Twenty-something Uygur designer Mawlan Turaq runs a photography and fashion studio specialized in taking traditional Uygur-inspired portraits at locations around the ancient city. "For many fervid fans, wearing traditional dress is a nod to their cultural identity and symbolizes their inspiration to delve deeper into that heritage," Mawlan told Beijing Review. "And today, dressing up in local Uygur garments—the Uygur wardrobe slightly differs from town to town—has become the hot tourist thing to do here." But this is not as superficial as it may sound. "It's all about a beautiful, tangible experience for them, getting acquainted with styles they'd otherwise never know and taking home the memories, spreading the word to others who, like them, probably don't know too much about our customs and clothing," he added.
Many Chinese designers have incorporated hanfu elements into their collections in the past few years. Mawlan now potentially stands at the forefront of a new wave of fashionable pioneers, weaving his ancestry through the clothes and accessories he designs and sells inside the studio.
"Clients, mostly tourists, usually make an appointment to do a traditionally styled concept shoot—a three-hour experience which will set you back roughly 1,900 yuan ($282) and includes clothing, hair, makeup and photography," Mawlan explained, adding that many who originally come in for the experience, will eventually leave having bought one or more pieces of clothing or jewelry.
This is the business of fashion. But what does it actually look like?
Traditional Uygur dress is deeply intertwined with the ethnic group's history as traders along the ancient Silk Road. In particular, two pieces of clothing have become symbolic: the chapan and the doppa. The chapan, a play on the caftan, is a long coat that is worn over the clothes during the winter months. It is typically worn by men and comes in a variety of colors, from muted blues to fiery reds. Intricate patterns are embroidered on the exterior and, instead of buttons, the chapan is bound by a large cloth band around the waist.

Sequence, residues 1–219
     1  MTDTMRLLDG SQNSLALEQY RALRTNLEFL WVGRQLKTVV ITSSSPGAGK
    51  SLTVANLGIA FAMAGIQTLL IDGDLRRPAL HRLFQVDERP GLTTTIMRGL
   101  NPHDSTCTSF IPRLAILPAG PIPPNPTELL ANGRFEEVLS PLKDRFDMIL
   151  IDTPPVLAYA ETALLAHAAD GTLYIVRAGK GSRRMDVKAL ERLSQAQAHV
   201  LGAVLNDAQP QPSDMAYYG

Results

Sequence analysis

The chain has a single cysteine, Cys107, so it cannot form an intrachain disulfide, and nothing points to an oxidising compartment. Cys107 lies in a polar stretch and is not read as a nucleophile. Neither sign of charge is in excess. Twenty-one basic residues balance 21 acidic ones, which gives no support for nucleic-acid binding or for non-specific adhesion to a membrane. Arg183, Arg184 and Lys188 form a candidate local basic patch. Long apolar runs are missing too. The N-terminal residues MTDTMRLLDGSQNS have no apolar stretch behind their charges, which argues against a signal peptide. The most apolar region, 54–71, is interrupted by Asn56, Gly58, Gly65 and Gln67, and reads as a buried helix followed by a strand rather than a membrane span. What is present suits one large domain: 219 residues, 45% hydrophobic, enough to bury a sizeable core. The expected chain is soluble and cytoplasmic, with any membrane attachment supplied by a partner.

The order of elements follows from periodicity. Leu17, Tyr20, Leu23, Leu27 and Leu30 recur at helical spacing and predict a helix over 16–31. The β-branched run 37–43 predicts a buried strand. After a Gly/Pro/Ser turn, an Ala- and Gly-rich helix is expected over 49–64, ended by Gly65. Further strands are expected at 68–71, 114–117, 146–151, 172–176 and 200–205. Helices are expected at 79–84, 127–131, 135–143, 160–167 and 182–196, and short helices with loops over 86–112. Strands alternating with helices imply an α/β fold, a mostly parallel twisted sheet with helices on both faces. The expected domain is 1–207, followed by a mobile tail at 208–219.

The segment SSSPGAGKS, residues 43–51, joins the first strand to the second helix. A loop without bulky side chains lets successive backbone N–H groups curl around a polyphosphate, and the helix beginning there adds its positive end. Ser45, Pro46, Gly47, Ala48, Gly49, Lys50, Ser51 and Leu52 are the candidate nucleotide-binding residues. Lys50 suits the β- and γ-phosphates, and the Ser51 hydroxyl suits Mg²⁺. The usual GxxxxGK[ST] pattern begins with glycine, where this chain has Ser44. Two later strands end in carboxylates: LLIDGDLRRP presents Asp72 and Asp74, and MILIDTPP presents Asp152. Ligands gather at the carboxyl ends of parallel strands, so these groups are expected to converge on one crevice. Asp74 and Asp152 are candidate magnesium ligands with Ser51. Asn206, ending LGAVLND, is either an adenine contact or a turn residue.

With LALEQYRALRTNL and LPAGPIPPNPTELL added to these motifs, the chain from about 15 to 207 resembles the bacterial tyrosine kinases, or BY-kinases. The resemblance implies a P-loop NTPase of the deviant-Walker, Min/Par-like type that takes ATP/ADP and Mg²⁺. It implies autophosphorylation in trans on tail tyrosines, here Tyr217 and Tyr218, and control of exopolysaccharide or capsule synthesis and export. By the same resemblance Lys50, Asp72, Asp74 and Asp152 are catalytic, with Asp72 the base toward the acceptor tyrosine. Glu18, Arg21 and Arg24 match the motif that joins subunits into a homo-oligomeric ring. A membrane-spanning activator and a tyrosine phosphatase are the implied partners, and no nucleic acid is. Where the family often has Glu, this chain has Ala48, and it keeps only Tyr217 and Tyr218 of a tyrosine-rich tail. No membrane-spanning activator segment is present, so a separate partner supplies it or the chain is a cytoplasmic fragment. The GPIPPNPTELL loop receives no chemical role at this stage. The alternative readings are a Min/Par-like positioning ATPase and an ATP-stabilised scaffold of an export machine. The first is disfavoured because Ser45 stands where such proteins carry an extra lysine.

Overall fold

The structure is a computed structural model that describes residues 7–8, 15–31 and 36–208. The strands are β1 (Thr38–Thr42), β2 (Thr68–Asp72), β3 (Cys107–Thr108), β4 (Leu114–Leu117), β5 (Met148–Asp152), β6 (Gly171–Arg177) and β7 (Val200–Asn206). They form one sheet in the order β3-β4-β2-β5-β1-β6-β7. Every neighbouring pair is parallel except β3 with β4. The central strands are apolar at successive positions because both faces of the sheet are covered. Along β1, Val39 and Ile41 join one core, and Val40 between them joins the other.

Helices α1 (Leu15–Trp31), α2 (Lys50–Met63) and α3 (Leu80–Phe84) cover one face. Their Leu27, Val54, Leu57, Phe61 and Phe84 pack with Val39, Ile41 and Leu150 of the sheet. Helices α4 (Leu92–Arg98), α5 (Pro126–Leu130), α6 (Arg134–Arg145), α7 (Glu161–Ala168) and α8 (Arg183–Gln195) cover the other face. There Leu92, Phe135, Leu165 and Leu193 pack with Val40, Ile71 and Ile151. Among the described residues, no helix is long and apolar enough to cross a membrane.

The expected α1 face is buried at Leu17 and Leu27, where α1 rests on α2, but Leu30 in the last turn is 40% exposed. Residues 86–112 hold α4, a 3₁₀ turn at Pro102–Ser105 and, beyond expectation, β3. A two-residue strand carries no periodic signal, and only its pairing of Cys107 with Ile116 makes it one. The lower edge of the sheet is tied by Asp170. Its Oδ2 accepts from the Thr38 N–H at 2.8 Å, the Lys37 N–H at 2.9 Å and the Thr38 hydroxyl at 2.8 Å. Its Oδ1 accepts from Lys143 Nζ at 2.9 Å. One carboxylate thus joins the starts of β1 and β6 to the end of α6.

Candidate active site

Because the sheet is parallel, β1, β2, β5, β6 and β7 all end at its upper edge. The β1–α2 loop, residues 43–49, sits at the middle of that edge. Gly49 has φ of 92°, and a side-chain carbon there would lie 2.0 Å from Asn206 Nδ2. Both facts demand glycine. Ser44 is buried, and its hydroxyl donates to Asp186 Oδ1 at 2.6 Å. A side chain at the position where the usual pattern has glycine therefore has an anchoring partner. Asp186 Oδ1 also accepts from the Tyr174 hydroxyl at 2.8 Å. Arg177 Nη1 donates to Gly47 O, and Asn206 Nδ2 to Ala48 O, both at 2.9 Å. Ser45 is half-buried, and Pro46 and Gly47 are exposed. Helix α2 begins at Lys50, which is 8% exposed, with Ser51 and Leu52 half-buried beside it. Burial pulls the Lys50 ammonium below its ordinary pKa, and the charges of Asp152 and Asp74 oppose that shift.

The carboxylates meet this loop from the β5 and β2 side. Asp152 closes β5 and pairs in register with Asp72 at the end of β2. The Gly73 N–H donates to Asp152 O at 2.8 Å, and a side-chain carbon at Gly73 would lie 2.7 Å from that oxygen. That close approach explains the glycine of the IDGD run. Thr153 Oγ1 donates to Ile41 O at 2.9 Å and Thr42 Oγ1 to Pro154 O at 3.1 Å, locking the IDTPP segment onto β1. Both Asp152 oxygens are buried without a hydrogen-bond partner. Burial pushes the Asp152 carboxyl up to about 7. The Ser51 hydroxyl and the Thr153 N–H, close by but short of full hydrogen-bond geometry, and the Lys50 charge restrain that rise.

"Women wear exquisitely embroidered long-sleeved dresses that billow out at the waist. Golds, reds and blacks are the most classic yet still most prevalent color combinations," Mawlan said. Brighter colors, like pink and green hues, plus the occasional tie-dye even, first became popular in the 1980s, but it seems today's youth have returned to the typical palettes. "To complement their dresses, Uygur women don plenty of jewelry, including large earrings, bracelets, and necklaces, which in times long gone served as indicators of social status and wealth," the designer slash entrepreneur said, adding that the bigger the accessory, the better its wearer is kept safe from harm. Theirs is a story of fashionable opulence.
A local man sells his handmade wares inside Kashgar's Ancient City on July 22 (ZHANG WEI)
Caps off to youth
The outfits Mawlan presented and described are the epitome of Kashgar's traditional Uygur wardrobes. But many locals do still wear a toned-down version of this outfit today. And the cap, or doppa, has proven its most resilient component. The history of these hats traces all the way back to the Tang Dynasty (618-907), a time when Kashgar was one of the four key military strongholds in the empire's western regions.
Fast forward to modern times, and the doppa still bops up and down the streets in a myriad of shapes, colors and styles. Traditionally, it was hand-embroidered with naturally dyed silk, and included intricate patterns that revealed details about its wearer: Who are you? What's your hometown? What do you do for a living? How many children do you have? What's your social status? One glimpse at a person's headgear would answer (most of) these questions.
"Grassland green remains the most common shade," Mawlan said, as it symbolizes the Uygur affinity with, reliance on and respect for Mother Nature. The color purple, elaborate embroidery and other embellishments, especially pearls, would signify wealth in days of yore—even in 2022, to some extent. As far as today's younger generations are concerned, the creator added, "The youth may not be wearing these caps on the daily anymore, though some still do—adding their own style through the doppa decorations, but when it comes to any type of festive occasion, they will still go all out—head to toe."
The clothes people wear tell stories of their culture and heritage—things that can't easily be shrugged on and taken off at will. And on that "forever in style" note, we leave you with one final Xinjiang fashion fact: that oldest pair of pants in the world. These 3,200-year-old pants were discovered in 2014 on a Chinese mummy recovered from Xinjiang's Tarim Basin. Speaking of preservation. Their design was as intricate as that of modern-day, factory-fabricated denim jeans, and equally durable. With the help from fashion designers, archaeologists determined that the pants employed multiple weaving techniques to make the wearer comfortable on horseback. The pants correspond with the domestication of horses, a pivotal event in human history that brought Europe and Asia closer together.
Fashion spinning a thread connecting past, present—and future: That deserves a feather in the cap.
(Print Edition Title: A Feather in the Cap)
(Reporting from Kashgar, Xinjiang Uygur Autonomous Region)
Copyedited by G.P. Wilson